Having a closed environment in which to undertake hull and superstructure coating is, he says, “Necessary and fundamental for the optimal development of the projects, especially if we are to satisfy the objective we set out to achieve. These days it is not viable to conceive of a project without a closed environment.” He adds, “A well-managed environment will pay back in dividends and reduce costly time extensions at the end of a refit, and let’s not forget, it is the painters who are often the last to get off the project, so the better the set up the better the results.”
When is a coating not a coating
“Traditionally the paint industry refers to paint as a coating which is somewhat confusing,” says Rob Earle, the Managing Director of Gtechniq Ltd. “Our wipe-on chemically bonding ceramic product is applied to a finished paint job as a coating and that is what we consider to be the correct use of the word. In the last decade, there has been a massive drive to reduce the level of VOCs in paint coatings to make them both more friendly to the environment and less dangerous for the paint technician. This has come at the expense of durability. We produce a wipe-on ceramic coating that is applied on top of paint coatings and or gel coat that both prolongs the lifespan of a paint and or GRP finish and makes surfaces significantly more stain resistant but unlike some other brands, our product does not cause any repaint issues. Our ceramic coating does not require a closed environment for its application. It can even be applied whilst the vessel is in the water and does not need skilled paint technicians for application.”
Using the correct products and applying them properly are essential when it comes to warranty claims. But are warranties on work involving coatings important? Are they effective? Do they guarantee a better job? We asked our experts. “Yes!” says Alonso T Urresti, the Project Manager at Benymar Yacht Paint. “They are very important, yes they are very effective, and of course yes the post project is very necessary because we must close each job with a touch of gold.”
Rob Earle, the Managing Director at Gtechniq, says, “We provide a three-year guarantee on new craft or on new paint finishes. We also provide an 18 month guarantee on older finishes that needed buffing prior to our ceramic coating application. Our guarantee covers gloss levels and discolouration. Our guarantee provides the customer with a much better peace of mind.”
Chris Toole from Hempel also believes that warranties can be important to give customers peace of mind. He adds, “However nothing beats a product that does what it is meant to do. A good warranty is one that is never needed to be used! There are many ways to look at warranties; if you supply one, does it show that you are so confident in your products that you are happy knowing they won’t be claimed against? If you supply a warranty, does it mean there is a risk of failure you know about and are just making sure you aren’t liable for a bigger sum? If you don’t supply a warranty does that mean you are confident about your product but too arrogant to provide one for people who may be nervous, especially if it’s a new product to them? If you don’t supply a warranty does that mean you are expecting your product to fail so don’t want to take any more risk from being exposed to having to resolve any likely issues? As with many things, warranties can mean different things to different people.”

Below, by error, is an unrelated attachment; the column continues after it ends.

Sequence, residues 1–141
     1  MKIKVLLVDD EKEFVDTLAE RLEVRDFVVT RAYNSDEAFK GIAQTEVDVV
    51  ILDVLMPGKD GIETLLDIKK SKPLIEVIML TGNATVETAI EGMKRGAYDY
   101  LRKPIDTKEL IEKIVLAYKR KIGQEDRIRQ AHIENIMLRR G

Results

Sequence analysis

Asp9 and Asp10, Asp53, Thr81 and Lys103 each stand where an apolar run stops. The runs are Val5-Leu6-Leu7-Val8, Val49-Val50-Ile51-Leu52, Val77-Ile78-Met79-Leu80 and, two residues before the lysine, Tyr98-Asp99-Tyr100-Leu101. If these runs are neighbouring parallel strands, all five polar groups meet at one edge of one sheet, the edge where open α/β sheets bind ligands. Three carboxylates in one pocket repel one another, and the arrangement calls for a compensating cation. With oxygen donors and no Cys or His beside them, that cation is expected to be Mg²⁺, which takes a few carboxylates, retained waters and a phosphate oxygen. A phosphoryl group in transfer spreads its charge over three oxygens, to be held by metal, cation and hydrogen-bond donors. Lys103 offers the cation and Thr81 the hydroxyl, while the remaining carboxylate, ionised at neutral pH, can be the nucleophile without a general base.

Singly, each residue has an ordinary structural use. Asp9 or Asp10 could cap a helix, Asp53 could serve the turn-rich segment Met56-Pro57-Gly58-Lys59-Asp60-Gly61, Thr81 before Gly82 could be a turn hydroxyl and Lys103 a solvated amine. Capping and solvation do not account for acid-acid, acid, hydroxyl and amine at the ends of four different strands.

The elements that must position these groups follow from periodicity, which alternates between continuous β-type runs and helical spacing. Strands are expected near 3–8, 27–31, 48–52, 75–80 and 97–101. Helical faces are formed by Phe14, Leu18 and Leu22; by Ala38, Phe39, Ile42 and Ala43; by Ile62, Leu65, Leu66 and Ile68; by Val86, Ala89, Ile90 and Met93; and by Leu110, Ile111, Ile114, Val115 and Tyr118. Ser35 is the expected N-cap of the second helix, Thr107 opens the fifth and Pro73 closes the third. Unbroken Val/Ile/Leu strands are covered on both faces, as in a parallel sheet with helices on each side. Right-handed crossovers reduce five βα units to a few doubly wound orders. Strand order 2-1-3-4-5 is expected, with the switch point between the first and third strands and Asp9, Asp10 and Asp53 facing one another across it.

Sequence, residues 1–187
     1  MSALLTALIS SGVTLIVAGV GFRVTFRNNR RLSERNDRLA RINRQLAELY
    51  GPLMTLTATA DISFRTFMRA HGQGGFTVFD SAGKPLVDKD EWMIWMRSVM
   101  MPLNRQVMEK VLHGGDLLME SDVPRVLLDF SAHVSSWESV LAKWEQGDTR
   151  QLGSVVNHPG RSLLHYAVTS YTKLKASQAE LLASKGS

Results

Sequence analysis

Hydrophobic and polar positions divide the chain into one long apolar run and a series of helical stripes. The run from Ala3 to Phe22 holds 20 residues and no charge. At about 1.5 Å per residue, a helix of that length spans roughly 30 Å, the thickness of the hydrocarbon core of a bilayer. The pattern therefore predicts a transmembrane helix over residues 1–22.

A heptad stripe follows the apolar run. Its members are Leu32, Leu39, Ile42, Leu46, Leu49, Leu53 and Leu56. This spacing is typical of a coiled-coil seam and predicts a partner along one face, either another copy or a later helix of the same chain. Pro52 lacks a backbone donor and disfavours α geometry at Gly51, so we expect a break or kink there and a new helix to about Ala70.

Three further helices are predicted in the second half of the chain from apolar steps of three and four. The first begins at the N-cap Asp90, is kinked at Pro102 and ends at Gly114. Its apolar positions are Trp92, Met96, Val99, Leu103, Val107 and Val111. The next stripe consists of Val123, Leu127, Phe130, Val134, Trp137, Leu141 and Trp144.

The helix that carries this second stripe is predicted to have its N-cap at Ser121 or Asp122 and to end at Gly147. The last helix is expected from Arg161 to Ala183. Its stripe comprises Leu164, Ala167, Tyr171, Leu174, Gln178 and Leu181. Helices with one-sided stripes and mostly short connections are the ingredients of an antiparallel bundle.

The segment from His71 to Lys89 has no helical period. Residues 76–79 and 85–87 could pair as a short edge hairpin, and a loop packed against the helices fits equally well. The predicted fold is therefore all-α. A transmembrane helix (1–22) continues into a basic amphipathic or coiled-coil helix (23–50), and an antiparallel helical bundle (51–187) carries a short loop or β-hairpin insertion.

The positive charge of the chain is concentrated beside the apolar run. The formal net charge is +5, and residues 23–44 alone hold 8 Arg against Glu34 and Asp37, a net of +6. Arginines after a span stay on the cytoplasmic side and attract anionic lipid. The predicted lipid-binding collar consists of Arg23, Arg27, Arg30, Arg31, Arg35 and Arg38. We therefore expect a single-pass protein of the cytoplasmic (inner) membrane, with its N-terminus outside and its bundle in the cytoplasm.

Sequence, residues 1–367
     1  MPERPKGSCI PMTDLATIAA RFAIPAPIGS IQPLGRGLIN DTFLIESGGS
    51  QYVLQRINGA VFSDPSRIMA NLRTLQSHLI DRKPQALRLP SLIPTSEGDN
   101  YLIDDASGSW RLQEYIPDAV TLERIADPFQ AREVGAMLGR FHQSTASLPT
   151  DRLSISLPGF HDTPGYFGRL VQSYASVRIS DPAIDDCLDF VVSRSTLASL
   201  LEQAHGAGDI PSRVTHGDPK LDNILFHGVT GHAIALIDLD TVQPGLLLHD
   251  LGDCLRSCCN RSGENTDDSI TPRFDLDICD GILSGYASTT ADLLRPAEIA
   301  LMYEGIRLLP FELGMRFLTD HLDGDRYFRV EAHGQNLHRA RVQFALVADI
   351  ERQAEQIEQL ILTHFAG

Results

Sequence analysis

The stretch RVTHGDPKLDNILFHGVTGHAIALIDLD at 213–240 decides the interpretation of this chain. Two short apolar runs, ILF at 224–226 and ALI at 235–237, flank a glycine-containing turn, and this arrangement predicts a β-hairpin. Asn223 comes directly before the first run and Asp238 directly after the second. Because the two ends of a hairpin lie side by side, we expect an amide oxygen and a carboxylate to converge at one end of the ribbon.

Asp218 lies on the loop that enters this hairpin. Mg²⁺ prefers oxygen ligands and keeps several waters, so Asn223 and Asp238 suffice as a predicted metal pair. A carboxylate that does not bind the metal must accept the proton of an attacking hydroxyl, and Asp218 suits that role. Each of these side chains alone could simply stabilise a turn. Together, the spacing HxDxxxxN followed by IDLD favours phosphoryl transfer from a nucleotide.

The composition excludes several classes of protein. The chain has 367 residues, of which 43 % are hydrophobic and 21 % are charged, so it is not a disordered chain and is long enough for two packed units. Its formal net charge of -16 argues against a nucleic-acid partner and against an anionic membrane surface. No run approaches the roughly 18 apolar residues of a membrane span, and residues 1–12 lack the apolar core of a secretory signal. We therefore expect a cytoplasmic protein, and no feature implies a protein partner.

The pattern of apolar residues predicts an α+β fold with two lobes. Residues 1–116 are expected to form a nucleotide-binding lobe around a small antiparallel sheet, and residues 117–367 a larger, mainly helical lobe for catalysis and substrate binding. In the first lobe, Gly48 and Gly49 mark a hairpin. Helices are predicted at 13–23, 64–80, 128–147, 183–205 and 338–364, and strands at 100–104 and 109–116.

“When it comes to Hempel and the yacht products, we stand behind our products as being fit for purpose and likely to exceed expectations, but understand that some customers want a warranty and why wouldn’t we give the customer what they want? For us, this is about being a partner with the customer and making sure that they are happy, not an admission of any likely failure or issue. As your last part of the question asks, do they guarantee a better job? For me, no. Our products are fit for purpose, tested extensively, and are proven to perform and we can warrant that, however they could still be abused and used incorrectly leading to a failure. It doesn’t make it a bad product, just one that wasn’t used as it was intended and indeed wasn’t a “better job”. Paint for yacht is more than just the liquid in the can. It is about surface preparation, application (including equipment quality and type), it’s about the environment they were applied in and cured/dried in, it’s about how they are used in-service. All these factors mean that for all the best will in the world and a warranted product, the warranty on the paint doesn’t guarantee a better job as this is one piece of the overall picture. However, we supply support (both literal and documentary) to reduce the chances of some of the other factors to prevent failures and claims and for me this is more important than a warranty. When used correctly and for the purpose it is intended, as noted before, then the warranty isn’t even necessary but there if the customer wants it.”